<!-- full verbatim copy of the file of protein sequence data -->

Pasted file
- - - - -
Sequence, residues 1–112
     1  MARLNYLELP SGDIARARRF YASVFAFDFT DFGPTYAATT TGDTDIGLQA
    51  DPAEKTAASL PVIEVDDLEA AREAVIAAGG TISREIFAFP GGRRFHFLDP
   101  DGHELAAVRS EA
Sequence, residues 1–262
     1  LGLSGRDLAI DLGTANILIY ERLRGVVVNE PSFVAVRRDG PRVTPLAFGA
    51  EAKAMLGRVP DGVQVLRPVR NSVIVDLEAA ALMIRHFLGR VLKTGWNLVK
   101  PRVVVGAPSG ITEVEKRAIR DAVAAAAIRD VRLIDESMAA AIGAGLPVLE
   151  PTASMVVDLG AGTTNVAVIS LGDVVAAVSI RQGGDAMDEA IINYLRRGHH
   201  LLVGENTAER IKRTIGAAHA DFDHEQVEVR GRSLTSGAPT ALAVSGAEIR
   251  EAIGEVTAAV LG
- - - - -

Sequence, residues 1–112
     1  MARLNYLELP SGDIARARRF YASVFAFDFT DFGPTYAATT TGDTDIGLQA
    51  DPAEKTAASL PVIEVDDLEA AREAVIAAGG TISREIFAFP GGRRFHFLDP
   101  DGHELAAVRS EA
Sequence, residues 1–262
     1  LGLSGRDLAI DLGTANILIY ERLRGVVVNE PSFVAVRRDG PRVTPLAFGA
    51  EAKAMLGRVP DGVQVLRPVR NSVIVDLEAA ALMIRHFLGR VLKTGWNLVK
   101  PRVVVGAPSG ITEVEKRAIR DAVAAAAIRD VRLIDESMAA AIGAGLPVLE
   151  PTASMVVDLG AGTTNVAVIS LGDVVAAVSI RQGGDAMDEA IINYLRRGHH
   201  LLVGENTAER IKRTIGAAHA DFDHEQVEVR GRSLTSGAPT ALAVSGAEIR
   251  EAIGEVTAAV LG